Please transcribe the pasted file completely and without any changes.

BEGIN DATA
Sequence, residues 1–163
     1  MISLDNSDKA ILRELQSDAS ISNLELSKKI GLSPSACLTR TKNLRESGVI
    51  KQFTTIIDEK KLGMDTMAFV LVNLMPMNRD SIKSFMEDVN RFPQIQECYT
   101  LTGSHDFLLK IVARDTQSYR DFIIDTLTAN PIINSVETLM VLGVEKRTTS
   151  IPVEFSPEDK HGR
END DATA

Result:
Sequence, residues 1–163
     1  MISLDNSDKA ILRELQSDAS ISNLELSKKI GLSPSACLTR TKNLRESGVI
    51  KQFTTIIDEK KLGMDTMAFV LVNLMPMNRD SIKSFMEDVN RFPQIQECYT
   101  LTGSHDFLLK IVARDTQSYR DFIIDTLTAN PIINSVETLM VLGVEKRTTS
   151  IPVEFSPEDK HGR